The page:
Making Hajj in America: A Vision Quest for Solidarity

There are no quick fixes for problems that evolve and assume new shapes in social contexts perpetually in flux. Theoretical approaches are important but their retrospective character reminds me of a betrothed perpetually arriving too late for the wedding.

Prophet Muhammad activated followers through his authenticity and capacity to listen and speak to situations as they developed in real time. Indeed, this may prove to be one of his most important legacies as well as the most elusive to emulate. Tellingly, the Prophet refused to make his pilgrimage (Hajj) to Mecca so long as it was controlled by corrupt elites. Thus Muslims should make Hajj elsewhere so long as Saudi theocrats espouse a toxic political Islam that executes apostates, bombs school children in Yemen, and crushes dissent to the extent of brutally murdering Washington Post journalist Jamal Khashoggi on foreign soil.

Keeping in mind the Prophet's courage in questioning the status quo, why not enact our own vision for Hajj in America, one that pays homage to the land and labor on which this nation’s wealth was built? Since it’s estimated that approximately one-third of African slaves were Muslim, would it not be fitting to integrate Islamic practices from displaced slaves with displaced indigenous Americans? Why not show solidarity with the Lakota Sioux by circling Bear Lodge, their sacred site in Wyoming that the U.S. Army misappropriated as Devil’s Tower?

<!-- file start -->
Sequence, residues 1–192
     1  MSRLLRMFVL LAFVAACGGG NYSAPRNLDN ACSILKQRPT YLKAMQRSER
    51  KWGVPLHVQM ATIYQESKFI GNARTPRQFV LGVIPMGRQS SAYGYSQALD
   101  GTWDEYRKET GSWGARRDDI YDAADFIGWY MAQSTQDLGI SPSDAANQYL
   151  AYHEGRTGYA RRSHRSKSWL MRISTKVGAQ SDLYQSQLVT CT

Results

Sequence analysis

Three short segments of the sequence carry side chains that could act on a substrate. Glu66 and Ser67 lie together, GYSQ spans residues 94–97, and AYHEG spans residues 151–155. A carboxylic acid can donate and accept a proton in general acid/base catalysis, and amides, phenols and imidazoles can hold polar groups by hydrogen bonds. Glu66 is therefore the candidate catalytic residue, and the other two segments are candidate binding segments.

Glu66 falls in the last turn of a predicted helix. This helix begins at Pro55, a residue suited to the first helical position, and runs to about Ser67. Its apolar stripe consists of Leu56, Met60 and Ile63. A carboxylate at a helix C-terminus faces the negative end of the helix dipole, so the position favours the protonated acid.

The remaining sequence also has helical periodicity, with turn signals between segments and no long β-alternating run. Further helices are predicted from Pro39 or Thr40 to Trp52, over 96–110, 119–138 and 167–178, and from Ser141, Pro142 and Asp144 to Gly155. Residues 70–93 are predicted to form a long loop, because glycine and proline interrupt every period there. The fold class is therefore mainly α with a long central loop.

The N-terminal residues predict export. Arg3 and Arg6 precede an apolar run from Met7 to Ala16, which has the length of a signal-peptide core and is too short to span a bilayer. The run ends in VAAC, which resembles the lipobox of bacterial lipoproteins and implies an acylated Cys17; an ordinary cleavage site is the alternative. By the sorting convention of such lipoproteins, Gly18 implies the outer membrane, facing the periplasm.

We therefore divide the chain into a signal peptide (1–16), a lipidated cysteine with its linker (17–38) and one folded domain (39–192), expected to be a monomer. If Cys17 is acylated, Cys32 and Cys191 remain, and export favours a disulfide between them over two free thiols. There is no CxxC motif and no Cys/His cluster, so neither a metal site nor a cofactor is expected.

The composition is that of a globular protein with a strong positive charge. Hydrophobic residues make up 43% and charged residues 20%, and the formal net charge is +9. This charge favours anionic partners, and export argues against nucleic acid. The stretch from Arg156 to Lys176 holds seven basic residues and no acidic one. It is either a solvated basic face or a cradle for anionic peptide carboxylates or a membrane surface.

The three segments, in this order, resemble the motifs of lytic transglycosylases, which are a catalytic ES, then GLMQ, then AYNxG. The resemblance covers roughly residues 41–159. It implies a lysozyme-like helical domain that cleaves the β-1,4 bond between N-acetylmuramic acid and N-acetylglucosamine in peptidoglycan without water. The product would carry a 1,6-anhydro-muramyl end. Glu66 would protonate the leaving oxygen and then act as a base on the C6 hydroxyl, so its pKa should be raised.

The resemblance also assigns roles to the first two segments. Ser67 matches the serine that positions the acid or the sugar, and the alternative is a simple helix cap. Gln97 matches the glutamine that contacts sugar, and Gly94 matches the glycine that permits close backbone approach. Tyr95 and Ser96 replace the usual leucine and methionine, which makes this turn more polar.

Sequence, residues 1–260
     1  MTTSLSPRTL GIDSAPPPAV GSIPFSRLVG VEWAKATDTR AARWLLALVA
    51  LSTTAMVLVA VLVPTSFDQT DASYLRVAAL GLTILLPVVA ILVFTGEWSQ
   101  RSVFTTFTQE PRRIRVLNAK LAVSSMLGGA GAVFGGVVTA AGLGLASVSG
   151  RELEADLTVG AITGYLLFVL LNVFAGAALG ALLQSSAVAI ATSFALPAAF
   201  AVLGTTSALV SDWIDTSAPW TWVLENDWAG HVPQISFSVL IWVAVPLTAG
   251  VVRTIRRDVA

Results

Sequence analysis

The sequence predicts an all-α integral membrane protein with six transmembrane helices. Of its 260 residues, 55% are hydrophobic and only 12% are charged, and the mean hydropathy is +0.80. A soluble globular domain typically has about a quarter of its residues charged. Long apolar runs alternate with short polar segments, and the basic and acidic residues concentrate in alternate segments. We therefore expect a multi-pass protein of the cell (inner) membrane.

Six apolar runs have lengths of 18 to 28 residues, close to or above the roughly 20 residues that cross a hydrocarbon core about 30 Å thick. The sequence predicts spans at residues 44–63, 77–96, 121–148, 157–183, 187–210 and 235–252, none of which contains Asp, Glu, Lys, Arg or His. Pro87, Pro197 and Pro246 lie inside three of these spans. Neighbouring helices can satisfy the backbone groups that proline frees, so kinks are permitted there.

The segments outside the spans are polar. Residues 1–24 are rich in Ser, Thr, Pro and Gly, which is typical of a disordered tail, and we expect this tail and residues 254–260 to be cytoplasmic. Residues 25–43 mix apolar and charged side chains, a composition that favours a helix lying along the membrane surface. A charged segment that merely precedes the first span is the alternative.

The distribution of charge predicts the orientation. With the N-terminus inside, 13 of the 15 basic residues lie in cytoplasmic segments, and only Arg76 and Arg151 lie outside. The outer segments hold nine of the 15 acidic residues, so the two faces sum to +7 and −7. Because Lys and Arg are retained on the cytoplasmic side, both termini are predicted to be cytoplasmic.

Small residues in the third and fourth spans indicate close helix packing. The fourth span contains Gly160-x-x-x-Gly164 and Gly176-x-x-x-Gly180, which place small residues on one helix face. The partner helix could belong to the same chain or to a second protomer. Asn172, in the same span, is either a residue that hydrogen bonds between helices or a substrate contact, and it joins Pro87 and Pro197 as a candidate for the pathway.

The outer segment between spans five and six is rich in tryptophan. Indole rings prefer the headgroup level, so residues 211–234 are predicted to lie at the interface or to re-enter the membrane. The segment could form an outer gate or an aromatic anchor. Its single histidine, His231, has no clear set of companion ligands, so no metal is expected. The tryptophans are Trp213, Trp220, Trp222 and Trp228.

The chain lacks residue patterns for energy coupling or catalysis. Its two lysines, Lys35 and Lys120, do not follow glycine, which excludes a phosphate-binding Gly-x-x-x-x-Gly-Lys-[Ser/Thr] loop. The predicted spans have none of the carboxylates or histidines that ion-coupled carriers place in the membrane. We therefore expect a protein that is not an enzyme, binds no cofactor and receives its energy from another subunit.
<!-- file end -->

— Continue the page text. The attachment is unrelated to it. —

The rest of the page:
For just as Muhammad secluded himself in a cave outside Mecca for divine inspiration, the Lakota Sioux continue to enact vision quests as a rite of passage to adulthood. Fasting, blood sacrifices, and the collective circling of the Kaaba during Hajj evoke the substance of sweat lodges and other tribal ceremonies performed around the circumference of Bear Lodge. In contrast to the formalisms of identity and belief – regardless of how you see yourself or others see you – making Hajj in America could become the focal point for writing a new chapter for the American narrative with a byline from each and every one of us. This will be our story, one that confronts the challenges of the road ahead rather than seeks to resurrect ghosts from the past that haunt us in the rear-view mirror.

Seeing my wife’s art in a new light made me realize that mobilizing resistance to oppression requires embroidering our lives and nation’s past into a mosaic for the future. Whereas Manifest Destiny veiled its fangs in sloganeering to make America great again for the few, We the People, enfolded subjects all, must rise. We are the prophets of our destiny; only we can claim authorship for our lives. Let’s listen to the best of what’s said, focus on the furthest horizon, and make our voices heard.

About the Author

Kevin James

Kevin James is a former firefighter and supervising fire marshal with the New York City Fire Department who responded to Ground Zero from home on 9/11. He was one of several Muslim Americans profiled in the 2002 PBS documentary Muhammad: Legacy of a Prophet. He is a former Revson Fellow from Columbia University and graduated from Columbia Law School as a Stone Scholar.